[EVG file photo]
As you may have heard, the MTA announced last July that L-train service between Bedford Avenue and Eighth Avenue will shut down for 18 months starting in January 2019.
So with two years and 1,276 blog posts on the topic left before the full closure of the Canarsie tunnel's tubes (band name alert), the MTA and DOT have announced a series of jointly held interactive public workshops.
Per the MTA news advisory:
During the workshops, MTA and NYCDOT will provide information on the Canarsie Tunnel repairs and to solicit community feedback on possible alternate travel options during the planned 18-month closure.
Representatives from MTA and NYCDOT are also using the sessions to gain input for traffic modeling and analysis currently being conducted as service plans to minimize impacts are developed. Representatives will also be available to discuss construction impacts, ADA issues, and bus and subway service as it relates to the closure.
The public is strongly encouraged to participate in these workshops, which are expected to solicit meaningful input on alternate travel options for customers who will be affected by the repairs.
Community workshops have been designed to help the MTA and NYCDOT develop service alternatives and mitigation proposals tailored to the affected neighborhoods. Each workshop will be structured to allow public participation on a rolling basis as people arrive in order to solicit ideas from the greatest number of people.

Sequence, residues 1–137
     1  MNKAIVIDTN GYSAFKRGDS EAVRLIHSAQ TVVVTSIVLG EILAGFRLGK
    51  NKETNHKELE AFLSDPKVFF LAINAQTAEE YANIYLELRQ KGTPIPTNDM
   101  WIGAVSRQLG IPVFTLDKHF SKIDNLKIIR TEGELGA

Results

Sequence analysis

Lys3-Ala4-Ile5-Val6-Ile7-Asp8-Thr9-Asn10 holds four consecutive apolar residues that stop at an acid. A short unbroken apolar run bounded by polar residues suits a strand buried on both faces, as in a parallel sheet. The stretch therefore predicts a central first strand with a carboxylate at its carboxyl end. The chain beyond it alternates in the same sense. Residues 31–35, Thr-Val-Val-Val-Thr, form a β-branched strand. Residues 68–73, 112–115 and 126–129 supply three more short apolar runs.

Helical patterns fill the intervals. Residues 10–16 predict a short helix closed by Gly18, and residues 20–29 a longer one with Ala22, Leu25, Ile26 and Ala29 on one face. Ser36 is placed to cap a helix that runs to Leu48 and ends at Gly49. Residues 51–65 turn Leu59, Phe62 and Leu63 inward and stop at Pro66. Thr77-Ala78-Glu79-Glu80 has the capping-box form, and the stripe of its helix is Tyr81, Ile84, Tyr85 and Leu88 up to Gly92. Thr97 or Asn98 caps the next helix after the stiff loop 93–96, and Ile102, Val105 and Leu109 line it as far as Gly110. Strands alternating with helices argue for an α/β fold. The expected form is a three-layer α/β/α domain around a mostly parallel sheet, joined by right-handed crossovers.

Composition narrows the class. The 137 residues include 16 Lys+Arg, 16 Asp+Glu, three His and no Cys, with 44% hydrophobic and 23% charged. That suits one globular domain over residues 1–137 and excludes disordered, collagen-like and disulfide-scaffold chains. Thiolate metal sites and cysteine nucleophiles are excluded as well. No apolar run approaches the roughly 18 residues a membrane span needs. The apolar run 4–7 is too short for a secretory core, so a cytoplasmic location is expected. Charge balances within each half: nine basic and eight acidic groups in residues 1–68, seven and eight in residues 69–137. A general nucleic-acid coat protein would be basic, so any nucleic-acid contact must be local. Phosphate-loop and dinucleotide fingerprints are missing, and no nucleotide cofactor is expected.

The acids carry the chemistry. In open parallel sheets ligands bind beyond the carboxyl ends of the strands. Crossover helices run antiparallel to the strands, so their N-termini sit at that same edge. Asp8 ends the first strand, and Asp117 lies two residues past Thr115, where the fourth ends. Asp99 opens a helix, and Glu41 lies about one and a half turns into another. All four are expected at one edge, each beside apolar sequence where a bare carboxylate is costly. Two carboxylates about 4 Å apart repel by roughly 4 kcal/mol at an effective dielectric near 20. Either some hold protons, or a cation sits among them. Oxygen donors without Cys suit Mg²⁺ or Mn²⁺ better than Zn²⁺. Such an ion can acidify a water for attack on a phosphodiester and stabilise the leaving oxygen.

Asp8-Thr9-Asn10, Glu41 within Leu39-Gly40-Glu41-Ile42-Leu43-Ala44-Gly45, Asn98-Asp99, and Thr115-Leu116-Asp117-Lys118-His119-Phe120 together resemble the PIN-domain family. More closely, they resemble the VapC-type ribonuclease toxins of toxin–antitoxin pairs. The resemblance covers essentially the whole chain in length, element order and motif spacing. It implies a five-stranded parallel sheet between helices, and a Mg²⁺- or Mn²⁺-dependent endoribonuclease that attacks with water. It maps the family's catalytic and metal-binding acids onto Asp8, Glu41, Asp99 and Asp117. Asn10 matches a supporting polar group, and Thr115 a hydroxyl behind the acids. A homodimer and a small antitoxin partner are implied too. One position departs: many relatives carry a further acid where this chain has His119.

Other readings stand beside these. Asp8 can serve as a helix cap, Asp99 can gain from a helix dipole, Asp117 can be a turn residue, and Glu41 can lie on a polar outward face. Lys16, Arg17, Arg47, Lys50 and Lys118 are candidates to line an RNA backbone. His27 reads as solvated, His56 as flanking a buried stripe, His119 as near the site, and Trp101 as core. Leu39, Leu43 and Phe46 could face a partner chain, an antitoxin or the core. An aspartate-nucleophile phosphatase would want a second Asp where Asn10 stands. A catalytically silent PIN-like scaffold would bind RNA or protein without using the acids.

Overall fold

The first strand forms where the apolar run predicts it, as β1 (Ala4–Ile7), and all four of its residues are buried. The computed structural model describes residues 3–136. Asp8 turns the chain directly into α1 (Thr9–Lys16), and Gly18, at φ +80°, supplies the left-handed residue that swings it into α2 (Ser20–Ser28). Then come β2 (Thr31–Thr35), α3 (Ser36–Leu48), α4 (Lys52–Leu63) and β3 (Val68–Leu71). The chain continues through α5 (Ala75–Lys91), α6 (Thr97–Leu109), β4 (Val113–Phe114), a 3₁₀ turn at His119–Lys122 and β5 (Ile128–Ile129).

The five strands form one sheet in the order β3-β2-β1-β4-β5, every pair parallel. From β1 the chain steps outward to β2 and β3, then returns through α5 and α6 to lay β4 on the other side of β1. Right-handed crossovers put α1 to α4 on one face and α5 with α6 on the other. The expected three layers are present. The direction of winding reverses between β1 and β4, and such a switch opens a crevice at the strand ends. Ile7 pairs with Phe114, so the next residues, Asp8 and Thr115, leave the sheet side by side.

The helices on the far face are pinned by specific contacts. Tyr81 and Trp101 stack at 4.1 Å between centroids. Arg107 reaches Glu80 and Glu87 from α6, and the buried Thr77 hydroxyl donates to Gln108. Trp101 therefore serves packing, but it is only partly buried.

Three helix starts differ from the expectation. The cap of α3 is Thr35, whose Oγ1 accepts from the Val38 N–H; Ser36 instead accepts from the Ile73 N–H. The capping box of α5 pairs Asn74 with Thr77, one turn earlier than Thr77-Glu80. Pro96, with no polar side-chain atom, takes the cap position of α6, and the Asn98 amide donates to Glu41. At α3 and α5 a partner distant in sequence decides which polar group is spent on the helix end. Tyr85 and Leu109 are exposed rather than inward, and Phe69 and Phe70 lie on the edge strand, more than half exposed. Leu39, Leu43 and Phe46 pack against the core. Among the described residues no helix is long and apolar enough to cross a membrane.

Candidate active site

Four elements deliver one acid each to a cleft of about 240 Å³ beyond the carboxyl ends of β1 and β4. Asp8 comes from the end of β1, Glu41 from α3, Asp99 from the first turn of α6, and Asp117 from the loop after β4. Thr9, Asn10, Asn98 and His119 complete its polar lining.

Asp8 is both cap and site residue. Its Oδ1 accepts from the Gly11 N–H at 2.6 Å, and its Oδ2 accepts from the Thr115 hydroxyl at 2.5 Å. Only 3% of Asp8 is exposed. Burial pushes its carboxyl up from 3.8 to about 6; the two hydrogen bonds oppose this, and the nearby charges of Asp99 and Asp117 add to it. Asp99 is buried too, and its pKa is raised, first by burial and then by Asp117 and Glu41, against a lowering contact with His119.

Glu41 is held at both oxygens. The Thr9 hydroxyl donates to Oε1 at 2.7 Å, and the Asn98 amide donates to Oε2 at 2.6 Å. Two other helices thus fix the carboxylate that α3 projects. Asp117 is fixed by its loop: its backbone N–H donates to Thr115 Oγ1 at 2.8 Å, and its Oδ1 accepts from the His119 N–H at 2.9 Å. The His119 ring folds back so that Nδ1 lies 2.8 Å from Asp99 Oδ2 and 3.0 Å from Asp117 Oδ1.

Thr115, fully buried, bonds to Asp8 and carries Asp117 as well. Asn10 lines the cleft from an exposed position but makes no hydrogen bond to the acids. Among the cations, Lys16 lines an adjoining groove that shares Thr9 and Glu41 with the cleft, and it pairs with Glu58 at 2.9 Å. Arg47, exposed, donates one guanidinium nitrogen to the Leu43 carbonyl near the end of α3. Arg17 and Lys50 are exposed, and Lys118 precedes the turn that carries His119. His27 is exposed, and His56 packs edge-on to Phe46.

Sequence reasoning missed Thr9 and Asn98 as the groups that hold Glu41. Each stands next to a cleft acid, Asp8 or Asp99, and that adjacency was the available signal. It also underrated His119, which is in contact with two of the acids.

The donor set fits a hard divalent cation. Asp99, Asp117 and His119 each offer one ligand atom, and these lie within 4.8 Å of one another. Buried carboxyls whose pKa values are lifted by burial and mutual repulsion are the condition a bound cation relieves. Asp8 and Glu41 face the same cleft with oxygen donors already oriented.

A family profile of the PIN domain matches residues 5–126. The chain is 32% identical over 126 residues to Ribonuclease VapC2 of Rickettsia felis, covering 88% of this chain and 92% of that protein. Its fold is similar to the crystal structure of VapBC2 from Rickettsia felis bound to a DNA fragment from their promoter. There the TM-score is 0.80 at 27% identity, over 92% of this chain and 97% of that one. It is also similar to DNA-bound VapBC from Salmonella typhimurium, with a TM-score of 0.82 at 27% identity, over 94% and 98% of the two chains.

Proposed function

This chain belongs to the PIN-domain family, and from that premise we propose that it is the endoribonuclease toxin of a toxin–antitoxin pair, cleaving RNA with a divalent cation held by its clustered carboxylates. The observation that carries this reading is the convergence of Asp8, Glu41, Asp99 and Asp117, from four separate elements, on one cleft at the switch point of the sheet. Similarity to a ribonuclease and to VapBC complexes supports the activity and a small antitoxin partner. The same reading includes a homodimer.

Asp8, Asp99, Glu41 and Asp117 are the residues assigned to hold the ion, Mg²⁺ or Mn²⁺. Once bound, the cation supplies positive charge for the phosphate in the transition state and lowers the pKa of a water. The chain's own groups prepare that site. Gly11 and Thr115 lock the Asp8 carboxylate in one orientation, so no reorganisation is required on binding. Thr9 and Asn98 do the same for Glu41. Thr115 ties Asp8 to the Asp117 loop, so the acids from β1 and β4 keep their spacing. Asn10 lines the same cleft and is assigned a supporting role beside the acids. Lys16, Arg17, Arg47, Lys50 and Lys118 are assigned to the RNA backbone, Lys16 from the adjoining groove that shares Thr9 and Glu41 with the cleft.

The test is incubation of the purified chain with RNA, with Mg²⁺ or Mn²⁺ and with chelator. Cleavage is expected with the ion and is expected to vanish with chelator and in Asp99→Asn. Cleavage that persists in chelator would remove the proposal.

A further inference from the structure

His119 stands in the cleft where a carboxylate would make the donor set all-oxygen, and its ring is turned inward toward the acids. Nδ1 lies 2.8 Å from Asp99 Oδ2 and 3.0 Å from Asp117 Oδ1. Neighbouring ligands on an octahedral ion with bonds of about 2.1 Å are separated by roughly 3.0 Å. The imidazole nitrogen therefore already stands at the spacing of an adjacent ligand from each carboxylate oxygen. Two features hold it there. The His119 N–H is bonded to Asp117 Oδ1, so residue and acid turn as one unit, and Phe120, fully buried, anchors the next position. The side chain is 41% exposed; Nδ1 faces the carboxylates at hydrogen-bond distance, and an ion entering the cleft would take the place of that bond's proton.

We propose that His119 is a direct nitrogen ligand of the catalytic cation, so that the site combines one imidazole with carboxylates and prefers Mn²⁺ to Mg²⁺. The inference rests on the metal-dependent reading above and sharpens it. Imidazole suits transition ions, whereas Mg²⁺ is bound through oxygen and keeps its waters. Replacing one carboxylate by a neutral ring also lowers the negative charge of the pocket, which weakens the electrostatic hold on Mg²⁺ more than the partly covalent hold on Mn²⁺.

The workshops are intended to help MTA and NYCDOT better understand preferred alternate travel options for impacted customers. They will also solicit community input on alternate solutions such as increased bicycle use, shuttle buses and ferries, and to generate other suggestions. The MTA and NYCDOT is also working with community boards, elected officials and the public to develop alternate service plans, which will be in place at least one year ahead of the 2019 closure.
The first workshop is on Feb. 9 from 7-9 p.m. at the Town and Village Synagogue, 334 E. 14th St. between First Avenue and Second Avenue.
Meanwhile, the shutdown is already off to a rocky start. DNAinfo reports that that the project cost "has ballooned to $16 million more than earlier estimates as the transit agency [ran] three months behind its planned timeline to pick a contractor for the job."
Previously on EV Grieve:
About '14th Street Peopleway'
Will a car-free 14th Street make life more bearable during (and after) the L train renovations? (35 comments)